Zoe Gough from the BBC got in touch with me to ask what makes a marvellous mother in the animal kingdom, as part of an article about the latest beautiful installment of “Life Story”. Click the picture to read what I said!
So, this is happening…
Handing in my thesis 3 months ago – now finally getting ready for viva tomorrow! pic.twitter.com/CXMaRrh5Wz
— Kirsty MacLeod (@kirstyjean) November 13, 2014
After 3 months of moving onto new things and having a distant battle of wits with examiners way, way, WAAAAY in the future – it’s finally here! Reading through my thesis again after a three month break, I’m again struck by how immensely lucky I’ve been to work alongside some amazing people, from whom I’ve learned huge amounts. My thesis reads like the story of my professional friendships and relationships – for example, I never would have done Chapter 6, my comparative analysis, had I not overlapped in LARG with Dieter Lukas, comparative analysis king! Likewise, my Chapter 5 would never have developed into the exciting multivariate analysis it did without happening to chat stats with Katie McGhee, my kickass new office mate.
Of all the parts of my thesis, I most enjoyed writing my acknowledgements section, because it allowed me to share my excitement and joy at having made all these wonderful people a part of something I created. Now that I’m taking this final step to becoming Dr MacLeod, I’m more grateful than ever to all the people who helped me out, and made this happen. It kinda sucks that most people never get to read thesis acknowledgements even if their names are all over it, so I want to take this pukey, cheesey chance to say:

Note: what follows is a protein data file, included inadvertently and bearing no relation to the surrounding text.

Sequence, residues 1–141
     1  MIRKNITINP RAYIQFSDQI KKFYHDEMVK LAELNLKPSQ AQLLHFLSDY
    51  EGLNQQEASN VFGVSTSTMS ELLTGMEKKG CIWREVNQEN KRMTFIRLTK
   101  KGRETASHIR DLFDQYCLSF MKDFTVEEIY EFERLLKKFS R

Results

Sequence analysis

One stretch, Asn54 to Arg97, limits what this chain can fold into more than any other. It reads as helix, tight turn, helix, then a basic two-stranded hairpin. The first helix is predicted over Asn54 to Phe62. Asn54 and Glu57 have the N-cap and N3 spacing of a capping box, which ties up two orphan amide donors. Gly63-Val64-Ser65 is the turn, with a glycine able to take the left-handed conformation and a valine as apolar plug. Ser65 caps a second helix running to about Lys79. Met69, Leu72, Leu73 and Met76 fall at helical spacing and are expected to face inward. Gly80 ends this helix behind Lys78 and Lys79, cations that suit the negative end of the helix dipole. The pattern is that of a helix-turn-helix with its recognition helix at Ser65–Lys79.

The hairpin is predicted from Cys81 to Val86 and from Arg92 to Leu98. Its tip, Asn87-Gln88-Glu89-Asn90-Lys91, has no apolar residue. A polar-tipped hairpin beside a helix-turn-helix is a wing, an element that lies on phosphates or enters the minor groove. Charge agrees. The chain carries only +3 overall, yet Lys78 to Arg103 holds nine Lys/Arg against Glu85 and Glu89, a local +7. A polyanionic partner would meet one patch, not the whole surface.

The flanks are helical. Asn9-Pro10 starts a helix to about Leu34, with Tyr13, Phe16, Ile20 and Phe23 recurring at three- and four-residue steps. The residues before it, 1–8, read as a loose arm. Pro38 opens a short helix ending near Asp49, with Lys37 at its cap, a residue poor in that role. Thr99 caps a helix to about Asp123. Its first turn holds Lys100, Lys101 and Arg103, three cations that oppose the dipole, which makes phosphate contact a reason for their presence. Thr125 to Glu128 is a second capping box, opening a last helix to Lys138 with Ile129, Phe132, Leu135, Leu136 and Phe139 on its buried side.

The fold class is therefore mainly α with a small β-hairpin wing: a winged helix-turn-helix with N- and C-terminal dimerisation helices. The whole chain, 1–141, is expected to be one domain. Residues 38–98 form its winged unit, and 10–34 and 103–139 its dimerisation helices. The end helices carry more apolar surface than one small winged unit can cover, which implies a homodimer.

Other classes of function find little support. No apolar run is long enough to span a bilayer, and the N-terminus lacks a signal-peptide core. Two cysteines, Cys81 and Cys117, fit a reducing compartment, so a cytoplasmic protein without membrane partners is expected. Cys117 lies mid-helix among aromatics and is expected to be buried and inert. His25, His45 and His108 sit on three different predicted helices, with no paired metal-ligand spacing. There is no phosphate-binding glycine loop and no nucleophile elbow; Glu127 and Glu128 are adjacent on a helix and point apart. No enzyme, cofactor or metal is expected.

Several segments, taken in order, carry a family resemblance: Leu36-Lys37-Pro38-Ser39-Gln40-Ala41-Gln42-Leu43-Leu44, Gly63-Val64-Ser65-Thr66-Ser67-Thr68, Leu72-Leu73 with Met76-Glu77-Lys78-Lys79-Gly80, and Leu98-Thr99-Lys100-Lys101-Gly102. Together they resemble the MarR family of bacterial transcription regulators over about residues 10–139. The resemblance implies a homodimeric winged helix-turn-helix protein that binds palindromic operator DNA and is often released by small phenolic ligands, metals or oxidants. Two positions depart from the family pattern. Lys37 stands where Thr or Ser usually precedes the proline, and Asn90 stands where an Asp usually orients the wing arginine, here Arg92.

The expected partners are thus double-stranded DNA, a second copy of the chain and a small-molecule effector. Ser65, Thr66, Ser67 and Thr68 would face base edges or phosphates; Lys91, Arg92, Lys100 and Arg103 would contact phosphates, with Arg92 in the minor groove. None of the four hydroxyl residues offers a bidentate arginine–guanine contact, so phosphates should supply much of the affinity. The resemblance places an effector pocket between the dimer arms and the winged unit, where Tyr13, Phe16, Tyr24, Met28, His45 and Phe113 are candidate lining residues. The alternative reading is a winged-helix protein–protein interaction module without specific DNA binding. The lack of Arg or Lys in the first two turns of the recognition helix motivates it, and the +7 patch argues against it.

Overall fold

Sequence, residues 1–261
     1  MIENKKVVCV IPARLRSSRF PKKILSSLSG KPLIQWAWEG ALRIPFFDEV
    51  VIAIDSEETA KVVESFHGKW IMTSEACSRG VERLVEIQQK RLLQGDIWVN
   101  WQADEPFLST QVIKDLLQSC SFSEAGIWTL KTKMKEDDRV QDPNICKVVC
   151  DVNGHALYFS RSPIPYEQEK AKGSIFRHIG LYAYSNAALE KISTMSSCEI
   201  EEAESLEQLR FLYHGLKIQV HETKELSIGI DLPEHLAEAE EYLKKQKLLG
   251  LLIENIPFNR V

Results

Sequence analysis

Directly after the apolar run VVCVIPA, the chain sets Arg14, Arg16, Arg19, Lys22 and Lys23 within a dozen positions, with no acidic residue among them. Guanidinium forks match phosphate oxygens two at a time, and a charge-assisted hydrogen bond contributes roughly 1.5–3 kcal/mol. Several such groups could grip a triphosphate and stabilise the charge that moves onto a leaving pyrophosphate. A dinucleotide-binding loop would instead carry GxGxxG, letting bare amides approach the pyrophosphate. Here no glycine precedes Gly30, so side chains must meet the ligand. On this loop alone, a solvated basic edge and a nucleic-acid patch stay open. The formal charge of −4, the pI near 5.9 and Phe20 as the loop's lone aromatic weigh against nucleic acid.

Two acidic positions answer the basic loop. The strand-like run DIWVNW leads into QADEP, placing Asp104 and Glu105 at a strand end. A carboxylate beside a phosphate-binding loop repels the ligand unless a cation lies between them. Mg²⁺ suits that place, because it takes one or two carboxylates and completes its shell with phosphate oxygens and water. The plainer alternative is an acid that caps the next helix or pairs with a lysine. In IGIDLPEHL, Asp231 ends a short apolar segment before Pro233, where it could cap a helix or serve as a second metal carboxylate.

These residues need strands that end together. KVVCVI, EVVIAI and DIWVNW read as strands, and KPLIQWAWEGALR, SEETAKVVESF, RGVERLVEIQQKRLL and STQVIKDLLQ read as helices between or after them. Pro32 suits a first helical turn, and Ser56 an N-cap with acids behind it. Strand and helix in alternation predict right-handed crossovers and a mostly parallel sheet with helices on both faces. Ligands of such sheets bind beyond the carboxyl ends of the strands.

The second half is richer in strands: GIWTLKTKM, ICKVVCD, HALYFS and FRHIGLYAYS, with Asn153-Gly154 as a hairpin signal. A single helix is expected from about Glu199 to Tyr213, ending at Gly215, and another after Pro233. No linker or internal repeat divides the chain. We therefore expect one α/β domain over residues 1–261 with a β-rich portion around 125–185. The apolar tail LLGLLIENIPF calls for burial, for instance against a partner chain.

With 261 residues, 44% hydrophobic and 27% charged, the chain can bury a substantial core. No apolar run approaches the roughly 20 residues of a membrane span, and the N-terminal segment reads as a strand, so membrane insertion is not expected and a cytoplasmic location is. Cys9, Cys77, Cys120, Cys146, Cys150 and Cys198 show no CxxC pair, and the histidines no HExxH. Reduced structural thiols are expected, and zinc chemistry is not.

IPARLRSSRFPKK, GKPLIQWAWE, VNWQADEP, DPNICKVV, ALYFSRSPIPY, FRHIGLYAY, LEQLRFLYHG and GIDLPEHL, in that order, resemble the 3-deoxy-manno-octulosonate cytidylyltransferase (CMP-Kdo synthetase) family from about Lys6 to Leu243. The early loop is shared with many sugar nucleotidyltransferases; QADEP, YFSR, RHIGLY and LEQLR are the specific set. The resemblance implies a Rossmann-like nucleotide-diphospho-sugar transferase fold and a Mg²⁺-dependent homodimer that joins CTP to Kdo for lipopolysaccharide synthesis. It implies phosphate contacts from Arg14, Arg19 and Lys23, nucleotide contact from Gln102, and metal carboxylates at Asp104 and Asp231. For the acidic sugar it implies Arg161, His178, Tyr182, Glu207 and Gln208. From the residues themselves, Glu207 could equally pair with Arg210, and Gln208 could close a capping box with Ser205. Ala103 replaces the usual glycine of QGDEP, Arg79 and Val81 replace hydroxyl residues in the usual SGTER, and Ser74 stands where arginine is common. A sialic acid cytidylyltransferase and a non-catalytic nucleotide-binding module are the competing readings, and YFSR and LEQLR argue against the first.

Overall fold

… so that everyone knows it!
My thanks must first go to Tim Clutton-Brock, whose faith in me from the very beginning got me to Cambridge, and has since allowed me to pursue my own ideas with a freedom and independence that has been an immense luxury and privilege. Working with someone as enthusiastic and full of questions and ideas has been the best start to an academic career that I could imagine. The things I’ve learned from him about science, doing science, and writing science, could fill this page (and probably the length of this dissertation).
Life in the Large Animal Research Group has been stimulating, instructive, and both a great pleasure and a period of immense personal and professional growth. The value of the help, advice, and time given to me in the early days by my officemates Andrew Bateman, Rafael Mares, and Peter Santema, has only increased over time, as has my gratefulness. Thanks also for all the dating tips, Peruvian YouTube clips, trips to the Cambridge Blue, and laughs. It’s all about T12a. The LARG postdocs have also been an invaluable network of support: thanks, Dieter Lukas, Alecia Carter, Elise Huchard, Ben Dantzer, Markus Zoettl, and Arpat Ozgul. Particular thanks to Sinead English and Stuart Sharp for putting in a lot of effort and time to get and keep me on track in my first year, and beyond. I am also hugely grateful to Penny Roth for logistical (and other) support, patient translations and keeping us all organised.